Last Monday morning, I went to interview contemporary Chinese artist Xu Zhen, founder of MadeIn Company at his Taopu studio here in Shanghai. It was a pretty humid day that when combined with super tired eyes from weekend adventures, made for a slow non-academic mind so it didn’t quite feel like interviewing…that was until the taxi journey, which took longer than expected, thus giving me plenty of time to take a quick nap, re-fuel and expand on questions and strands of thought. Somehow, and quite impressively, I used my basic Mandarin Chinese skills to re-direct the driver and get me out of a directional mess. A proud moment for Rachel…words are slowly get clearer.
The interview was pre-recorded for the event ‘Introducing Contemporary China’ which took place at Eastside Projects, a contemporary artist-run exhibition space in Birmingham, UK, last Wednesday evening and is shown below in full. I have been working with Eastside Projects and their members group ‘Extra Special People’ since they awarded me an ‘International Research Bursary’ earlier last year. I am hoping to develop a curatorial project with them in relation to my PhD research in 2013.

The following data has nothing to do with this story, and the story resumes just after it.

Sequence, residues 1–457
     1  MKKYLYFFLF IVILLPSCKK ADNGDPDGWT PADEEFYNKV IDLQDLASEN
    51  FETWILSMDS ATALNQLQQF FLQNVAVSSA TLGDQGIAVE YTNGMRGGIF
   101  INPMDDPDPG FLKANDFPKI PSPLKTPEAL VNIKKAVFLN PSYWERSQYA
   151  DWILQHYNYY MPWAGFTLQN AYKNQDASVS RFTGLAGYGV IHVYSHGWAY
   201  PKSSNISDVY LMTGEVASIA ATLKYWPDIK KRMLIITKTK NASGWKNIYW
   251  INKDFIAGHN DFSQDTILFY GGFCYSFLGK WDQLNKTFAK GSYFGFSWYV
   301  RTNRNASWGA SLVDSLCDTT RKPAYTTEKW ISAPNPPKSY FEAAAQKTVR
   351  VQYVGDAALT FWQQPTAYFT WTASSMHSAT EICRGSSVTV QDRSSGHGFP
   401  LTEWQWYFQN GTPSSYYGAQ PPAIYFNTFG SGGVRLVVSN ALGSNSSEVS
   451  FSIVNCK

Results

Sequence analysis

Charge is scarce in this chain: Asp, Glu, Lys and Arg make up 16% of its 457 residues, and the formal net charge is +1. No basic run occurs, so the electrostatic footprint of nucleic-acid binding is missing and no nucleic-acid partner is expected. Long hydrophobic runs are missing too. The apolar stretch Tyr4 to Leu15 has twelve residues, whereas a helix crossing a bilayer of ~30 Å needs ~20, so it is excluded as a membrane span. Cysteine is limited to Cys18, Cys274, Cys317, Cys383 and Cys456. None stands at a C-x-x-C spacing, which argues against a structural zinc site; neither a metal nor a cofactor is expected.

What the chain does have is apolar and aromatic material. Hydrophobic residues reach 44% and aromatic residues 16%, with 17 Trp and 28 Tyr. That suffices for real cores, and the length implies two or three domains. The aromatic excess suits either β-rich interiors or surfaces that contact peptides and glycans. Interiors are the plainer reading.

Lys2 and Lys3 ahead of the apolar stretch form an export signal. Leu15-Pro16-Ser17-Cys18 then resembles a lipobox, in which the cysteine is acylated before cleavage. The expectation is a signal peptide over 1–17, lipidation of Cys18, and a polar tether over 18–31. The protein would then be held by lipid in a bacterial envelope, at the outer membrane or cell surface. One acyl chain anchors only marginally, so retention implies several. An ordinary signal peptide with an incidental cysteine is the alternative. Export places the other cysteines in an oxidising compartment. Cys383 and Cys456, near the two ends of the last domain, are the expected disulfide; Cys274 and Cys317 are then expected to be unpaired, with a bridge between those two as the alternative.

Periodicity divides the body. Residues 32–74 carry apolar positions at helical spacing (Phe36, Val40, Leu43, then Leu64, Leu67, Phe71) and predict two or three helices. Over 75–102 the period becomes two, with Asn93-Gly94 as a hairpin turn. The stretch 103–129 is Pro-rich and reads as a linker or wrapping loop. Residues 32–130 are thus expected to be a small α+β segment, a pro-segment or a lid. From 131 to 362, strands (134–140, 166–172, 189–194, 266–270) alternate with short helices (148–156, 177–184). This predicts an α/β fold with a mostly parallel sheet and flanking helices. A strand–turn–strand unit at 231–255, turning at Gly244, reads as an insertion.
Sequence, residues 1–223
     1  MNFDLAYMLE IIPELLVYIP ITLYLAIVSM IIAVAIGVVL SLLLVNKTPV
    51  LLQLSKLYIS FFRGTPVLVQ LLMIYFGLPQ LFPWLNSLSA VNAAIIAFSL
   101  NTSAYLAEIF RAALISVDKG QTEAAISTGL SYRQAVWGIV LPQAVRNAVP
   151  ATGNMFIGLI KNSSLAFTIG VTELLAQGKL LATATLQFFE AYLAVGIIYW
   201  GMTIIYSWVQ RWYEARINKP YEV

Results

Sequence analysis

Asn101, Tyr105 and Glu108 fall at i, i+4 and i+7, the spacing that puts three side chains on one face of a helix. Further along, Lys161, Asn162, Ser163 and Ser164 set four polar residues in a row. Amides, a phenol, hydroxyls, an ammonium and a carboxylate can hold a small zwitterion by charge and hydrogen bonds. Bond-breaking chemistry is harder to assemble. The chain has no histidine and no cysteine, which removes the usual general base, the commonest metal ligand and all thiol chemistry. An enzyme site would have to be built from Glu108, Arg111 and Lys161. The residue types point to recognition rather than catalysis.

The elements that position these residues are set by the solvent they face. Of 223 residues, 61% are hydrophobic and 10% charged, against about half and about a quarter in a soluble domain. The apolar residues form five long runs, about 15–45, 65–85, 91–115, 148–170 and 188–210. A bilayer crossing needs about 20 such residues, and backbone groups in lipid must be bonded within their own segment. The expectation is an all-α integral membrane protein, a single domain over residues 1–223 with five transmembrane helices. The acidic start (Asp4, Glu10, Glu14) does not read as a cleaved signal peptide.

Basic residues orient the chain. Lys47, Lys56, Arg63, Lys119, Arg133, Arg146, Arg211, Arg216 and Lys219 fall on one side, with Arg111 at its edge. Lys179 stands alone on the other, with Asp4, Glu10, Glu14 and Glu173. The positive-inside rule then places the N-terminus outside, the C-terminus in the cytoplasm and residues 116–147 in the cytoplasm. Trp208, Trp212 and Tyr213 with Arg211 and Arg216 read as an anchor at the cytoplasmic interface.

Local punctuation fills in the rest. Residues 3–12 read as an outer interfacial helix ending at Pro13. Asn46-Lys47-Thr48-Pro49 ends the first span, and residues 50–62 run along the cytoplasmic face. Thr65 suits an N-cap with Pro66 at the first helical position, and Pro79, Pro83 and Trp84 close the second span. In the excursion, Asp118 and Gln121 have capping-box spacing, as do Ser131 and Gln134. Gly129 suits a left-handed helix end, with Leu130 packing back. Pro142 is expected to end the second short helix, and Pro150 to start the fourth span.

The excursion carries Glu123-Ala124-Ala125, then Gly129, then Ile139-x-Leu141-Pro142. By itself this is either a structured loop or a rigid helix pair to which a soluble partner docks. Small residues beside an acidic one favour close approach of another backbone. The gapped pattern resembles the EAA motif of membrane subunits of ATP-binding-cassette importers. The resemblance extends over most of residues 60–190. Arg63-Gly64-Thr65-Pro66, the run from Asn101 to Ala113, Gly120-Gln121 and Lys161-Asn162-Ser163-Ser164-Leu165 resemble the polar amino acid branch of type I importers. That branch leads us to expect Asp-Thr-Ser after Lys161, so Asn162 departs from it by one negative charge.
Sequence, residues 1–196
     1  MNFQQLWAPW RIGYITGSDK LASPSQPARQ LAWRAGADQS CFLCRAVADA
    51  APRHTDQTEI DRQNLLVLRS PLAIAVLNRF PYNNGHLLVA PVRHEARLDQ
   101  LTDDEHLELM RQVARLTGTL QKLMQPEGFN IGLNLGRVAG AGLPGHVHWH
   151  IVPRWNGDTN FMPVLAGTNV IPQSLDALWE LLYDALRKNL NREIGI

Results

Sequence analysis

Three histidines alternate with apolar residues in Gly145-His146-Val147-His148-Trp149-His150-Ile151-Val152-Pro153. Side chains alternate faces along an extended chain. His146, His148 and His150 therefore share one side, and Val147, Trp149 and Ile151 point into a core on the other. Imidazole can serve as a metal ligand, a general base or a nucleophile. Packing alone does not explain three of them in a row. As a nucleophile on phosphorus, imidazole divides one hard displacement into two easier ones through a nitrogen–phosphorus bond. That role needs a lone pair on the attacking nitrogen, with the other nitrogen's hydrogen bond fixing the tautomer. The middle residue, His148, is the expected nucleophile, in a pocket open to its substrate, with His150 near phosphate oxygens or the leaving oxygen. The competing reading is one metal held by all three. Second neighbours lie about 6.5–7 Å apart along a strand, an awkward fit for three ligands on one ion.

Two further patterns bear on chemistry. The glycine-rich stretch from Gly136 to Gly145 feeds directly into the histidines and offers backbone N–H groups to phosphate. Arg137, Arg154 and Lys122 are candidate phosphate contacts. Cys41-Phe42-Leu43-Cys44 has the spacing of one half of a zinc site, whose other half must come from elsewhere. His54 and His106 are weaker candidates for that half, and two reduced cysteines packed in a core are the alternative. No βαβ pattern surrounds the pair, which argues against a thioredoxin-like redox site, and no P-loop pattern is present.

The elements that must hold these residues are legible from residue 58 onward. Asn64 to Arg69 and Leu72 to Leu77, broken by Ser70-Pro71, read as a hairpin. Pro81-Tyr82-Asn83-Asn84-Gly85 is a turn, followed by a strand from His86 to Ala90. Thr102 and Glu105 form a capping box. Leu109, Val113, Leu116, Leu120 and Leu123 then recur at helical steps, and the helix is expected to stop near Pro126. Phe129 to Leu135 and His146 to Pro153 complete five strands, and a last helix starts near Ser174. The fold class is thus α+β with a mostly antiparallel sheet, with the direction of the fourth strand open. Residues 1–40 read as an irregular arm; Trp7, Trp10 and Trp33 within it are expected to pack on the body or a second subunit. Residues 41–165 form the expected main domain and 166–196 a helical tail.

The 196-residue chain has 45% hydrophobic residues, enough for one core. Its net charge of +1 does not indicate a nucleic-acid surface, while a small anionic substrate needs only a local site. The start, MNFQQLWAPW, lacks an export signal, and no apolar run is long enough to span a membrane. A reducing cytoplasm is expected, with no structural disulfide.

In the interview shown above, Xu outlines the work of MadeIn Company whilst talking more generally about his perspectives on the development of contemporary Chinese art in China and its place internationally. He also talks of the billboards series created for the project ’48SHEET’ by EC-Arts, currently on show in the urban landscape of Birmingham, UK, which is also an off-site project as part of ‘The Fourth Guangzhou Triennial’ 2012 festival, the development of which is shown through the Centre for Chinese Visual Arts (CCVA) blog.
‘Artists responded to and challenged the repetitive rhythm of a traditional advertising campaign by creating a network of unique and distinctive responses that will raise levels of consciousness and arouse cultural curiosity.’ – 48SHEET
In between Xu having to close a door because of polystyrene cutting noise (the worst noise to hear in my world making my skin crawl and teeth curl), and me slipping off my chair whilst messing profusely with my hair (a normal thing for Rachel), it was quite an interesting short conversation…although the sound quality isn’t great as I forgot to take a microphone with me. According to ESP’s Co-ordinator Liz Rowe (shown below, sitting in the middle top photograph in a navy sweater), the event went really well, which was great to hear! I just wish I could have been there to join in the continued conversations and dialogues. A transcript of the interview will also be available in due course that I will post online for you to download. In the meantime, it would be great to hear your thoughts…how do you view contemporary China and contemporary Chinese art today?